• Arsenate toxicity can cause various health problems such as skin lesions, cancer, diabetes, cardiovascular diseases, and neurological disorders.

Arsenate is a more stable form of arsenic compared to arsenite, which is the reduced form of arsenic. Arsenate is less toxic but more mobile and water-soluble, making it easier to accumulate in groundwater and affect larger populations. Therefore, arsenate contamination in drinking water sources is considered a serious public health issue in many parts of the world.

Arsenate properties Values
Molecular weight 138 g/mol
Solubility Highly soluble in water
Chemical formula AsO4^-3
Potential health effects Skin lesions, cancer, cardiovascular diseases, neurological disorders, etc.

To prevent arsenate exposure, it is essential to monitor the quality of drinking water sources and to use protective measures when handling potential sources of contamination. Furthermore, treating arsenate-contaminated water with appropriate technologies like reverse osmosis, distillation, or activated alumina can help reduce exposure and improve water quality.

Chemical Properties of Arsenic and Arsenate

Arsenic and arsenate are two closely related chemical compounds that share several similarities in their chemical properties but also have significant differences. Arsenic is a chemical element with the symbol As and atomic number 33. It is a toxic metalloid that occurs naturally in various minerals, rocks, and soils. On the other hand, arsenate is an anionic form of arsenic that contains four oxygen atoms and one arsenic atom and has the formula AsO4 3−.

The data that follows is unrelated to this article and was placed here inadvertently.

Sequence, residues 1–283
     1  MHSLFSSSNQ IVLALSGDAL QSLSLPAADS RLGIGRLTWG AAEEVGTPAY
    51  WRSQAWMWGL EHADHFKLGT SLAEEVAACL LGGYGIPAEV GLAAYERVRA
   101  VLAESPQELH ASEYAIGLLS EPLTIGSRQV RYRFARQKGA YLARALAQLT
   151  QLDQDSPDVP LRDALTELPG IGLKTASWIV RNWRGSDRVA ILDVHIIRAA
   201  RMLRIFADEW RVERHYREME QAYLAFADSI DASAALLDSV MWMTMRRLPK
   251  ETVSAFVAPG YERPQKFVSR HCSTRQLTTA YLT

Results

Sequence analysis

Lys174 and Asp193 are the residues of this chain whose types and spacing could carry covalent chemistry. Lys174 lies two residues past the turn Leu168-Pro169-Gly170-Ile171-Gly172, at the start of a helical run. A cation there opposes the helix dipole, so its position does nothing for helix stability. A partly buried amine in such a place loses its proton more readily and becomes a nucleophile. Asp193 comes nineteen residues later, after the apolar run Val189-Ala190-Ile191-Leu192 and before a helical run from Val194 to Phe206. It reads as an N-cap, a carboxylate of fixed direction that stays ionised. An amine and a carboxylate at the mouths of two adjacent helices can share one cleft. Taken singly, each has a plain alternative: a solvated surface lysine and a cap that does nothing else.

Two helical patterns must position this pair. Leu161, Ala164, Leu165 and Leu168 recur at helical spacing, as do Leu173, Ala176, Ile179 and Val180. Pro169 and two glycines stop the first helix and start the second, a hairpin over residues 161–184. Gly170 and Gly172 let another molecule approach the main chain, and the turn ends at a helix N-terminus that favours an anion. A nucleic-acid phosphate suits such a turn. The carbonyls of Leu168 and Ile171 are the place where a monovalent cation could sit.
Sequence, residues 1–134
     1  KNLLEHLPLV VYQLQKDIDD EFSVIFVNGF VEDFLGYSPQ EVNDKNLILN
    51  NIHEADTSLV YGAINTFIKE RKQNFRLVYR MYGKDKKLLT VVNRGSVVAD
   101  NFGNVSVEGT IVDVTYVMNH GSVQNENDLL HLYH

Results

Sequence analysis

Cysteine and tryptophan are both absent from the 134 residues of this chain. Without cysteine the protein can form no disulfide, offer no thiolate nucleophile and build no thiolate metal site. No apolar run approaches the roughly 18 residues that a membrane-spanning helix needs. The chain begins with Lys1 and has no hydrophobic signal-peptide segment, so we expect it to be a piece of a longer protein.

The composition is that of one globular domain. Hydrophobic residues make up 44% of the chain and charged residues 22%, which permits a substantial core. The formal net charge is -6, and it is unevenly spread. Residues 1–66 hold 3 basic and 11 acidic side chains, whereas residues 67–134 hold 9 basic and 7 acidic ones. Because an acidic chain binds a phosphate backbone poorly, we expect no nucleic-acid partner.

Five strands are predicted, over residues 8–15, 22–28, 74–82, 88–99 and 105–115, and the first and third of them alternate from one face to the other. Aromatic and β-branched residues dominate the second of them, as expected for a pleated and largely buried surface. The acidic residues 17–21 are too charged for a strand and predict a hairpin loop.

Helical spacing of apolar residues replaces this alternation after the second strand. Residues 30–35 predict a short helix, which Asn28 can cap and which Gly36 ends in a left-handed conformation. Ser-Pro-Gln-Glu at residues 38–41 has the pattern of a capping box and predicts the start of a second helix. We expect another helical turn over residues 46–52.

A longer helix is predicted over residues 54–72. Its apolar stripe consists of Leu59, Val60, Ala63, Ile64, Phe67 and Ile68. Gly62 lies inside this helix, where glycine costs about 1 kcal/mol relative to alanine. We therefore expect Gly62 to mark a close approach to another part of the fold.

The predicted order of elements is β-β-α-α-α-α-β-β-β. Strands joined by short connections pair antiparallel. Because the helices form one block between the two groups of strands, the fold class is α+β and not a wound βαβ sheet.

Arsenic and arsenate share some common chemical properties:

  • Both arsenic and arsenate are toxic substances that can cause health problems when ingested or inhaled.
  • They both have a high affinity for sulfur-containing amino acids like cysteine and methionine.
  • Both can form covalent and ionic bonds with other elements, including heavy metals like lead and mercury.

However, there are also distinct differences in their chemical properties that set them apart:

Arsenic has a metallic appearance and is a good electrical conductor, while arsenate is a non-metallic, anionic compound that does not conduct electricity.

Arsenate is highly soluble in water and can form weakly acidic solutions, while arsenic can form oxides, halides, and sulfides of varying solubility in water.

Arsenic has three oxidation states, which are 0, +3, and +5, while arsenate only has one oxidation state, which is +5. Arsenic can reduce to another toxic form, arsenite (AsO3 3−), which only has one oxidation state, +3.

In summary, arsenic and arsenate have many similarities in their chemical properties, but there are also significant differences between them that make them separate chemical entities. Knowing these differences is essential in understanding their toxicological effects, environmental fate, and industrial applications.

Biological Effects of Arsenic and Arsenate

When it comes to the biological effects of arsenic and arsenate, there are some notable differences between the two. In short, arsenic is much more toxic than arsenate, which is why it has been linked to a wide range of adverse effects on human health and the environment. Here’s a closer look at their biological effects:

  • Arsenic can cause skin lesions, peripheral neuropathy, and cancer, particularly of the lung, bladder, and skin.
  • Arsenic exposure has also been linked to cardiovascular disease, diabetes, and developmental effects in children, including reduced IQ and stunted growth.